Amish In Vegas
Custer House Records
Singer/songwriter Joe Reisman migrated to Portland about three years ago, having spent the majority of the previous two decades in LA, in pursuit of an acting career. Here he links with Pacific Wonderland bassist Tom Simonsen, keyboardist Don Henson and drummer Mike Schmitt, ostensibly from a band called the Headless Clones, along with long-time musical partner, multi-instrumentalist Ralph Davis.
Although he cites Harry Nilsson, the Kinks and Merle Haggard as influences, Reisman instead sounds more like John Mellencamp melded with John Hiatt and Don Henley, with accents of Dylan and John Prine and JJ Cale tossed in for good measure. A lot of the material refers to Texas. One supposes there might be a Texas connection lurking in the history somewhere. The songs display a homespun Western sensibility as well; most of the topics lying within the interpersonal relationship sphere.
The lead track “Pale Morning,” penned by Davis, maintains a scintillating rhythm, chugging through a dark-edged swamp. “Long Distance Man” is an introspective ballad, with tasty keyboard flourishes from Henson. A sweet and simple Pop confection, “I Can’t Do It Alone” also benefits from Henson’s light-handed touches.
With a melody vaguely reminiscent of Elvis’ “Suspicious Minds” in the turnarounds, “West Texas Girl” is a dusty windblown number with an evocative arrangement, augmented buy Henson’s piquant organ and string charts. “Judy’s Sister” is a moody piece of Pop. Davis’ droning electric and sitar-like acoustic slide guitar filigrees play nicely against Henson’s moody keyboard flutes. Very nice.
Davis’ “Hellbound” echoes the rockier work of Mellencamp— doing his best Stones routine. A vital uptempo number. “Room With A View” could pass for later-period John Hiatt, Reisman’s throaty vocal twisting around a simple Country-tinged lyric. “Only A Town” features a haunting piano theme by Henson played against Reisman’s gentle vocal.
Davis’ “Mile Away” sounds most like a Jerry Joseph song. His Charlie Watts-inspired trap work and corn-pone laden acoustic slide work lend the song an air of authenticity, while Reisman splits the difference between Mellencamp and Jagger for the vocal lead. Solid. “Lullaby In D” is a pleasant ballad featuring a sweet vocal contribution by Mariel Pastor.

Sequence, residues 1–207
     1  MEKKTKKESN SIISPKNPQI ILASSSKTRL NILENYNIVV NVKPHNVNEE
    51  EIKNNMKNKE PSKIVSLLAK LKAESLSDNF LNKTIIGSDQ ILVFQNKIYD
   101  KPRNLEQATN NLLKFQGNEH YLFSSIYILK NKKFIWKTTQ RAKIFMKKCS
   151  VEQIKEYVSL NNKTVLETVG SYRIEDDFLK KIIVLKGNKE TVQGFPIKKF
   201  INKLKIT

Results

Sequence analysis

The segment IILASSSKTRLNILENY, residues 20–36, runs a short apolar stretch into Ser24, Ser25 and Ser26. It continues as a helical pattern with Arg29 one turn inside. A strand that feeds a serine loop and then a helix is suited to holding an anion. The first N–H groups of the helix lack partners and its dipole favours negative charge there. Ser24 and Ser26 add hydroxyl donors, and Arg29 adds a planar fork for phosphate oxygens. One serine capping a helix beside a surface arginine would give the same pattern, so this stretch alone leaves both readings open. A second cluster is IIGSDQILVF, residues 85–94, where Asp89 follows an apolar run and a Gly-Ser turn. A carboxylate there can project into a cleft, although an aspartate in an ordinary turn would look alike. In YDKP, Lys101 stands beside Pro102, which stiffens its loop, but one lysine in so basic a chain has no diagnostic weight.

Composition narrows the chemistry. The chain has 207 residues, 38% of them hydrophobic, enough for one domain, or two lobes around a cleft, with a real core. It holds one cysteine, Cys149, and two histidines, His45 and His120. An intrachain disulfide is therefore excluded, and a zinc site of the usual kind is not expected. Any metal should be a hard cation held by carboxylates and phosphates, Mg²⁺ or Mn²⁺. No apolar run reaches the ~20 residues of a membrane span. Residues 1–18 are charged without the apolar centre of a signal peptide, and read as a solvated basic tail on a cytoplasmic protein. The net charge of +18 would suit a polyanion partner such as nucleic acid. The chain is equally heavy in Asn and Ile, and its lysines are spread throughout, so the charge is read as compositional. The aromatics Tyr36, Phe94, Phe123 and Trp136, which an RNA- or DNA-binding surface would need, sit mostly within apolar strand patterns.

Reisman’s seven compositions don’t quite meet the high standards that Davis’ three contributions set. But they are competent enough to make of this a very satisfying outing, full of intriguing moments. Quite nice for a first release.
Rain Cloud Records
Noted author James Joyce referred to an epiphany as a “showing forth” by which an individual “gave himself away.” When Joyce observed and recorded such events, the epiphany was his own. In non-secular terms the word means the sudden apprehension of the evanescent essence or the deeper meaning of a thing. Something like the light bulb switching on in the brain. Boing.
For Written In Ashes, the epiphany lay in the manifestation of power this Goth quintet generates. Over the span of an hour, through the course of the eleven tracks on this album, one comes to realize the depth and scope of that power.
Our old friend darkness is ever-present among the baker’s eleven tracks presented. Vocalist Kevyn Hay has a robust singing apparatus. he and bassist Michael Draper are the primary movers in the band. Draper, who honed his chops with Sylvia’s Ghost for many years, provides, along with drummer David Battrick, the essential rhythmic impetus.
Guitarist, Nathan (since replaced by Patrick Guzzardi) delivers well-executed, Metal-informed guitar lines, as well as some touching piano phrases to the song “Sinners.” He is abetted on keyboards by Ms. Fritter (recently a second keyboardist, Christopher Robin, was added to the band).
There are hooks aplenty within the music: contributed by Nathan’s thick, dense guitar-work and Fritter’s ingenuous keyboard passages, Draper’s melodically energetic basslines and Hays’ dramatically intoned vocals. Together, they create original music, which bears no overt resemblance to any other band.